But keep in mind this is a theoretical discussion. I have designed and built many boats. I've had many great successes and some spectacular failures. Actually doing it takes time moxey and most of all obsessive compulsive determination. I will build one of these--I'm sure of that. But I have a big all fiberglass project to finish up first.
This boat would rely on the strength of the mechanical screw bonding, of plywood to chine strip. So it might be worth while to use something like 1" white oak or ash instead of 3/4" fir. But to bend that would get ugly. You'd have to heat it up. Or even steam it.
The best thing would be to make a chine strip in place laminated and glued together from two thinner strips. Then you wouldn't need steaming. That takes some moxey away from the "fast and easy" goal. But it's not that hard. I've made gunwales laminated in place, on a form, gluing and clamping 1/4" thick strips. Two 1/2" strips of white oak would make a stour 1" inch thick chine strip. And also a similar strip at the top of the side panel, to help join the side panel to the ledge top gunwale.
I agree that the hull can be stabilized through bracing and then worked on without any concern for movement.
Regardless the idea of a hull held together with mechanical fasteners for ease of repair is a critical design concept that if used properly can lend itself to easier hull upkeep. Sometimes we just need to put modern chemistry aside, grab the Dolphinite, screws, and have at it. If you start to build things with the thought that you or someone else will need to take it apart someday the way it is built might just change for the better.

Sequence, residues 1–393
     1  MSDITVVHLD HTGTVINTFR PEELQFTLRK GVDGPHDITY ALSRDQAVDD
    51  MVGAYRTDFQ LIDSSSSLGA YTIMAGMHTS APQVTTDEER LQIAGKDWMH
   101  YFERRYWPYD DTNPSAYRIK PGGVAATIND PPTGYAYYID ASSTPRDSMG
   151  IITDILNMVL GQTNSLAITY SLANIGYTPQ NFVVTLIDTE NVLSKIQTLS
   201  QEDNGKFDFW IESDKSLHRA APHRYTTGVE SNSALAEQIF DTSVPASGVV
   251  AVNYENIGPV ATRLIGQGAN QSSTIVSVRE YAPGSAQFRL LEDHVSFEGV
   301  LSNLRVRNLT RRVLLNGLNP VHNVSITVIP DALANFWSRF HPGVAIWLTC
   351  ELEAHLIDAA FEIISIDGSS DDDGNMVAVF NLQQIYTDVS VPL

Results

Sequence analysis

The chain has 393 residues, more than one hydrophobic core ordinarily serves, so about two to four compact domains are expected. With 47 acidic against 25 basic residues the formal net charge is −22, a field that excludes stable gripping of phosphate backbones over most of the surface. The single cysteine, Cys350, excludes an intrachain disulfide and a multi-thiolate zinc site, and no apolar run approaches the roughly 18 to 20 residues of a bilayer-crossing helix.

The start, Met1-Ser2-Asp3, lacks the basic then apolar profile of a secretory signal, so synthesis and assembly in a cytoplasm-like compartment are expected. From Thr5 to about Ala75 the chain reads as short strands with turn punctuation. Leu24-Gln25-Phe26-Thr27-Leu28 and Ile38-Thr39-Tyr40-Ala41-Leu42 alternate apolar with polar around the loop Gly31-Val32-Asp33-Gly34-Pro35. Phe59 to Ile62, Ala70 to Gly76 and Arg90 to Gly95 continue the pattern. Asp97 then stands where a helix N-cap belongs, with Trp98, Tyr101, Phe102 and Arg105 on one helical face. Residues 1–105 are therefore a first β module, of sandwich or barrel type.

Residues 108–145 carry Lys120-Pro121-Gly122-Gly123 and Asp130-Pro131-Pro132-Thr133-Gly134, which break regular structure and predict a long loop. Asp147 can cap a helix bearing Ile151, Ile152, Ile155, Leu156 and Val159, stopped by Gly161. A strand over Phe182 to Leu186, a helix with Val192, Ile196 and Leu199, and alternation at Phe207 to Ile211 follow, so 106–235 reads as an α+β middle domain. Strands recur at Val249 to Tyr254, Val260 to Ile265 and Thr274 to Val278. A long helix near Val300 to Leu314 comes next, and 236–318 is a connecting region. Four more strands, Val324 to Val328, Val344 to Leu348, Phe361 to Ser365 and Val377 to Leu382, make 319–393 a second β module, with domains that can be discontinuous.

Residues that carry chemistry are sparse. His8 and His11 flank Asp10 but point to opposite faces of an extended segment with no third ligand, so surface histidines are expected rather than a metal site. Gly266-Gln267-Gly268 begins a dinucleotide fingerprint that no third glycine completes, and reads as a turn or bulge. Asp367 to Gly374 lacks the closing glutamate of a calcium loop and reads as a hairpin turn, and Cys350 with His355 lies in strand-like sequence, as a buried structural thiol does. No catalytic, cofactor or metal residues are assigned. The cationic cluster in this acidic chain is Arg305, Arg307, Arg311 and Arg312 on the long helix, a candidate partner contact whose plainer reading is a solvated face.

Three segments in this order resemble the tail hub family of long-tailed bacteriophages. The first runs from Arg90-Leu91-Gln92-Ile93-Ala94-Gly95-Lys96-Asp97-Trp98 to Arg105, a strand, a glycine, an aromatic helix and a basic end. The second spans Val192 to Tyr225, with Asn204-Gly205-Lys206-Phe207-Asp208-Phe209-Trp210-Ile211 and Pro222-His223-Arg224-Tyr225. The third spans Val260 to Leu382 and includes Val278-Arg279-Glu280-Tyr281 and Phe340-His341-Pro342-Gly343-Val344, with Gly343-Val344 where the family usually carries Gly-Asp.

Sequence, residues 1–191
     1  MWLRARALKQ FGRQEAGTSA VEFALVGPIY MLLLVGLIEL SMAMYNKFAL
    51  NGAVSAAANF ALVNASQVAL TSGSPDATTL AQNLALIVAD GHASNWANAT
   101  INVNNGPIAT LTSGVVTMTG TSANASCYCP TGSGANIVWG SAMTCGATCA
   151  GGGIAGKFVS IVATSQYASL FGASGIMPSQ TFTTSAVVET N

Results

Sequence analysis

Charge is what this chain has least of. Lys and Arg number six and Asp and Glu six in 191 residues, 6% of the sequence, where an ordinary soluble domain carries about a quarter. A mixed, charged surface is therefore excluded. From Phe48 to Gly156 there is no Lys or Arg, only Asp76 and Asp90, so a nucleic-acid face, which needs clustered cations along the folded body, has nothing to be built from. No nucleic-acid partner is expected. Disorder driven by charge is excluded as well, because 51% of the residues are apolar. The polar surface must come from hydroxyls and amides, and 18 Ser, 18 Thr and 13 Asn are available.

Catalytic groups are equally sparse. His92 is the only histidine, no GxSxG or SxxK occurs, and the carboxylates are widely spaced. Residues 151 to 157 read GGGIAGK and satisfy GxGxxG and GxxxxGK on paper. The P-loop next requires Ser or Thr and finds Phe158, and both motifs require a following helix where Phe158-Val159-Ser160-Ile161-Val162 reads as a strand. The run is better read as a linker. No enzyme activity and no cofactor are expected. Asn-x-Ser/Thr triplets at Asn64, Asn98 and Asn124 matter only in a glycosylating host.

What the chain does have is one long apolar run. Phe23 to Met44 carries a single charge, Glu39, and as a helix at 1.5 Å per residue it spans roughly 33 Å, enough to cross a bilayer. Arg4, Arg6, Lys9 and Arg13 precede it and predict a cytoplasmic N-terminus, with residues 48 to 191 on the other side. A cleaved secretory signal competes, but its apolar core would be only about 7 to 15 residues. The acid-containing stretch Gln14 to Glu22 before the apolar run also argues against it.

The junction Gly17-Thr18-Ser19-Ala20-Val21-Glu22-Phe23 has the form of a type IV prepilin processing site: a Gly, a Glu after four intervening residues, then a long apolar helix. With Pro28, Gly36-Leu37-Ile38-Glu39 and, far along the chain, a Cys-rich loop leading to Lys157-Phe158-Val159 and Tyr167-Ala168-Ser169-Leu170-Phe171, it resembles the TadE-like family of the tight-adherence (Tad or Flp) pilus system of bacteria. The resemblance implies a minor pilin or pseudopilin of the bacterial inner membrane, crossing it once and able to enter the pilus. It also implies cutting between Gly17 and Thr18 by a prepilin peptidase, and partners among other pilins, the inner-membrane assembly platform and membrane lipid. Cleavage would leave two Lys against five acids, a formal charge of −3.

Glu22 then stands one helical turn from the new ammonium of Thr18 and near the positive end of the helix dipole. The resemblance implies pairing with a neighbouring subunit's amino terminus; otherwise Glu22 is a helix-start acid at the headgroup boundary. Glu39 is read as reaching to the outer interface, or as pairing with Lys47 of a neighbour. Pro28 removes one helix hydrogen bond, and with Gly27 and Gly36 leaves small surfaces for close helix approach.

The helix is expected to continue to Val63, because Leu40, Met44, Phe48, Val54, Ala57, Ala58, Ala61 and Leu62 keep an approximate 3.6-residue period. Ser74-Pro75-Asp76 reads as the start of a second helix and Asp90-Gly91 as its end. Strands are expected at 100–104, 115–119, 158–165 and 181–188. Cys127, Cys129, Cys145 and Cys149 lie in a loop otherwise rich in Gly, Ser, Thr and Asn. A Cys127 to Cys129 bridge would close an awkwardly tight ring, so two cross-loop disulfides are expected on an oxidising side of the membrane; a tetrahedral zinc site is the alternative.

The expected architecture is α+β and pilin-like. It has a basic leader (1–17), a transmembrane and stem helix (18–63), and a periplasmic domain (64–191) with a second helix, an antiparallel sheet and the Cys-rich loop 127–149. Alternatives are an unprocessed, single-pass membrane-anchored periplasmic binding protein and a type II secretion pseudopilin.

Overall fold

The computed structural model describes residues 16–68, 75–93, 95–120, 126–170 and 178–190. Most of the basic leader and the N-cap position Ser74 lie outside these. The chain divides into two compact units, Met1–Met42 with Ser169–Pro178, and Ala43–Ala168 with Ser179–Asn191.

What about using a nice looking plywood like Meranti? Is it tough enough?
Meranti is what I assumed. Cheap enough and good enough. I started out building with AA Marine Grade Fir way back when. Right after Lake Missoula let go at the end of the last ice age.
But as we all know they changed the specifications for marine fir and it isn't much good anymore. I buy "Marine Grade Fir" at my local lumber yard (I have to order it in for $48 bucks a sheet). But it isn't much good for anything but forms and temporary plugs. It isn't good enough to actually build a boat with.
I'm not current on plywood technology. I stopped using it years ago. And now I'm getting interested in using it again. I'll be interested to hear what others have to say.